The Squirrel Wars: An Academic Investigation

Squirrels have become something of the “Anti-Bird” in the minds of many people with backyard bird feeders. And why not?! I mean HOW DARE those ravenous wild animals eat “BIRD seed”. It clearly states on the package “Bird Seed.” Many people are waging backyard wars against squirrels, seeking justice for those birds harmed by squirrels’ unnatural overreach! (In our best professorial voice) We here at Mr. Canary® thought we would study the matter from a historical and cultural perspective, to find answers to “How did this war begin?” “Who is in the wrong?” and “Who is responsible for ending hostilities?” Keep reading, as we report our shocking findings…


First Question: “How Did This War Begin?”

Despite our best efforts, this question remains a mystery. There is talk going around town that your grouchy Great-Great-Uncle Gerald fired the first salvo. A witness says that one day, Gerald “had-it-up-to-here” with those darn squirrels getting into his bird feeder; so, he decided to grease up the shepherd’s hook so they couldn’t shimmy up it. From there, things escalated quickly and the battle spread beyond Gerald’s yard, with both humans and squirrels scoring both victories and defeats. Meanwhile, innocent bird-bystanders have watched from the sidelines in grateful admiration as their human-defenders have guarded them from the unnaturally-vicious encroachment of the evil squirrels.

While we can’t verify that any of this is factual, I think we all KNOW deep inside our hearts that this is probably how this all got started…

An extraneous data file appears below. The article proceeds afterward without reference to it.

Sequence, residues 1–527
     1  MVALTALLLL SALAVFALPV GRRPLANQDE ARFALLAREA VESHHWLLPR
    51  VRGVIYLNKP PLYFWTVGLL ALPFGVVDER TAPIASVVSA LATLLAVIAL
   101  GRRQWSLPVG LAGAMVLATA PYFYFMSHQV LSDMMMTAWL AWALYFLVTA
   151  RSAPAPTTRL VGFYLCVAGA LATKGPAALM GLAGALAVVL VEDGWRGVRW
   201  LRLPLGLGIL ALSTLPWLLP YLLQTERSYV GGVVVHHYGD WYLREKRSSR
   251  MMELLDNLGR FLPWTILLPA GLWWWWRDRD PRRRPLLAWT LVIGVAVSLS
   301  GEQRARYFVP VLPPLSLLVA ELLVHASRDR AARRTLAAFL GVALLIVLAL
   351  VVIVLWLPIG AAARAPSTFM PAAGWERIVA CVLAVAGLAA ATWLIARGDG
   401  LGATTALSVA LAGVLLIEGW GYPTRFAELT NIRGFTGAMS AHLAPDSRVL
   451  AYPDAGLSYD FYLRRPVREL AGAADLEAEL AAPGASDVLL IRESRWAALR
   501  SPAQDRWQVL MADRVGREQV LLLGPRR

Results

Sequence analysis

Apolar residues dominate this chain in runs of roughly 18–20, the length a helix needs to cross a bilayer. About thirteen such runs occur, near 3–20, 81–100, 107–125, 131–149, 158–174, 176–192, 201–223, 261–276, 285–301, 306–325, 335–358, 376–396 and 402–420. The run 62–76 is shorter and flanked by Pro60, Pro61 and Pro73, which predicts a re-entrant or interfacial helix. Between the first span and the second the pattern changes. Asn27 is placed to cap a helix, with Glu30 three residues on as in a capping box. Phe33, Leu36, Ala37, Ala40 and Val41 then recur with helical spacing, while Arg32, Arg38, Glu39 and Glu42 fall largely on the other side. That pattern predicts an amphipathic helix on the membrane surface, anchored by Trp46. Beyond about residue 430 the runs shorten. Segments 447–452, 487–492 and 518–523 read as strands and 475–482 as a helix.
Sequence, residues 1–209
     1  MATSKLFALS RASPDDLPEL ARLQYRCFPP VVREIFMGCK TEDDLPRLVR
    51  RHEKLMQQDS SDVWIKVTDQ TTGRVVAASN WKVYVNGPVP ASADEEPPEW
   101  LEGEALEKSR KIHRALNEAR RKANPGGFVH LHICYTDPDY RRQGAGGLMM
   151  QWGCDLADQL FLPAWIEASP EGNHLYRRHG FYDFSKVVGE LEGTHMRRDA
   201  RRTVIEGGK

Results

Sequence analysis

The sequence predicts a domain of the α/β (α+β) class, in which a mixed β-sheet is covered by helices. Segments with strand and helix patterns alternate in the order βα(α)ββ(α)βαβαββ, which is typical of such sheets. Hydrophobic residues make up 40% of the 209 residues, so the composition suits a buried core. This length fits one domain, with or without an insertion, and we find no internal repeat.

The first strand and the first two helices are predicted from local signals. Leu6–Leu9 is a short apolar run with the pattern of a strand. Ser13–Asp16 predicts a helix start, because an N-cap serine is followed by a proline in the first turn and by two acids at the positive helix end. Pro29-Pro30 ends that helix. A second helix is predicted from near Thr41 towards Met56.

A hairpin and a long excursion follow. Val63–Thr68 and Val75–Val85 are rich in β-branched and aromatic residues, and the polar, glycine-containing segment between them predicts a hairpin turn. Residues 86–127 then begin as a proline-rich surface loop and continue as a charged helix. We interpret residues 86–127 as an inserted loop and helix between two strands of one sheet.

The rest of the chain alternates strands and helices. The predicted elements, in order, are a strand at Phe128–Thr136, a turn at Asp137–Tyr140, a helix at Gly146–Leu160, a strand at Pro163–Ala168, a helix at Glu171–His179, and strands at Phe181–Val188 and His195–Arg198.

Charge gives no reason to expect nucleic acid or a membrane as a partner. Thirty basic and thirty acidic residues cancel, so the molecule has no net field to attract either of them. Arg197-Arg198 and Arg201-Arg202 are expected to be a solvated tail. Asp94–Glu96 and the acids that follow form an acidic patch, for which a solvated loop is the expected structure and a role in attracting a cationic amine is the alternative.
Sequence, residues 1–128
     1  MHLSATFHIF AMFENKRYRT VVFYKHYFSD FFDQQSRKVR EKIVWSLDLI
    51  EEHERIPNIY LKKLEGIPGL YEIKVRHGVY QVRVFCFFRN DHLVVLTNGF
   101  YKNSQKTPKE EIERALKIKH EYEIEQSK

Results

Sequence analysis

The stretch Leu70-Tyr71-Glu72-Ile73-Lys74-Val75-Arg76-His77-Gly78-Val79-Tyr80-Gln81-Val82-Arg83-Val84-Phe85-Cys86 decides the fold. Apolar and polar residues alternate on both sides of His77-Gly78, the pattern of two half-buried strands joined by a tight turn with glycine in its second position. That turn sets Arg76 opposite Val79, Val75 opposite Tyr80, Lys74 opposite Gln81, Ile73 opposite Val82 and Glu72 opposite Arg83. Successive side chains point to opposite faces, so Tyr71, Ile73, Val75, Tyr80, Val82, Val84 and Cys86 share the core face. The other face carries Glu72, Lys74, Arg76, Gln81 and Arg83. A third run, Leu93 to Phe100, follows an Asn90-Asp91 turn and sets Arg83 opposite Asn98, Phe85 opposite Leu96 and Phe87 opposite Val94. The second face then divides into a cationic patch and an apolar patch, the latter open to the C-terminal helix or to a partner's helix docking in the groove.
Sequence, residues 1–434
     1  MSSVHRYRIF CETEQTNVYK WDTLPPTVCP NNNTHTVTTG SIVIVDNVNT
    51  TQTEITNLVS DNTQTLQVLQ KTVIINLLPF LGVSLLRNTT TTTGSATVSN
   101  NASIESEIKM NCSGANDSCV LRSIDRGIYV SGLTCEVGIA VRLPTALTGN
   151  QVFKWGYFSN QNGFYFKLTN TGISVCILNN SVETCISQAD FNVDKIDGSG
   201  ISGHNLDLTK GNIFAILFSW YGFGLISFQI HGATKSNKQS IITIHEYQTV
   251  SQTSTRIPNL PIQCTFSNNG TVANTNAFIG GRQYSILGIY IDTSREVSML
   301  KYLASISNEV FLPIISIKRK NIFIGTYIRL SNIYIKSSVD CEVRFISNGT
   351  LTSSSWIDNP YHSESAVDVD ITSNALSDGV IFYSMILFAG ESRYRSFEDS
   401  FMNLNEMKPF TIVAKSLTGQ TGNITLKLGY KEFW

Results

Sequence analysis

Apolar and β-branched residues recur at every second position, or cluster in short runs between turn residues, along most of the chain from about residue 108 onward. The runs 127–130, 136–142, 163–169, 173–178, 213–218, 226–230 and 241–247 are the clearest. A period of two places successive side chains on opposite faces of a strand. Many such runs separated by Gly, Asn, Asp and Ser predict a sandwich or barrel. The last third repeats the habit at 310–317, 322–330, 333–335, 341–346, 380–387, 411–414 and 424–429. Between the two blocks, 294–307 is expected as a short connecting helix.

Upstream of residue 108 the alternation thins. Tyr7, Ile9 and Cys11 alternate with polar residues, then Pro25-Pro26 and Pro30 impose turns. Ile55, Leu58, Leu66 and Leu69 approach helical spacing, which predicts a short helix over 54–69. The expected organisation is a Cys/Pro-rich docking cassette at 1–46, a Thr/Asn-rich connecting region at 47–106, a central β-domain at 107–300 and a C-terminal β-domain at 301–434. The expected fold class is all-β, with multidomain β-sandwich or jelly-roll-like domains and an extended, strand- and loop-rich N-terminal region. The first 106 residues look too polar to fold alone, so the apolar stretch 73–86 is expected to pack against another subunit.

Second Question: “Who is in the Wrong?”

So, now that we have an academically-solid backdrop for the origins of this war, let us identify “who is in the wrong?” Well, since the war centers on squirrels eating food that is meant for the birds, it seems that there are a logical set of questions to be asked. And, where does any good researcher turn when they want to get an authoritative answer- Google! So I asked Google, “What do birds eat?” Here was the summary Google returned, originally from the “Celebrate Urban Birds” FAQ page: “Some eat seeds, berries, fruit, insects, other birds, eggs, small mammals, fish, buds, larvae, aquatic invertebrates, acorns and other nuts, aquatic vegetation, grain, dead animals, garbage, and much more…”


And, here is what Google said when I asked the foil question: “What do squirrels eat?”, pulled from Live Science: On average, squirrels eat about one pound of food per week. Many people think that squirrels only eat nuts, but this isn’t true. Squirrels are omnivores, which means they like to eat plants and meat. Squirrels mainly eat fungi, seeds, nuts and fruits, but they will also munch on eggs, small insects, caterpillars, small animals and even young snakes.”


So, if you make a super-official Venn Diagram that your sixth-grade teacher would be proud of, you will find that birds and squirrels naturally share the following diets: Seeds. Fruit (which includes berries). Nuts. Acorns. Insects. Small Animals. Eggs.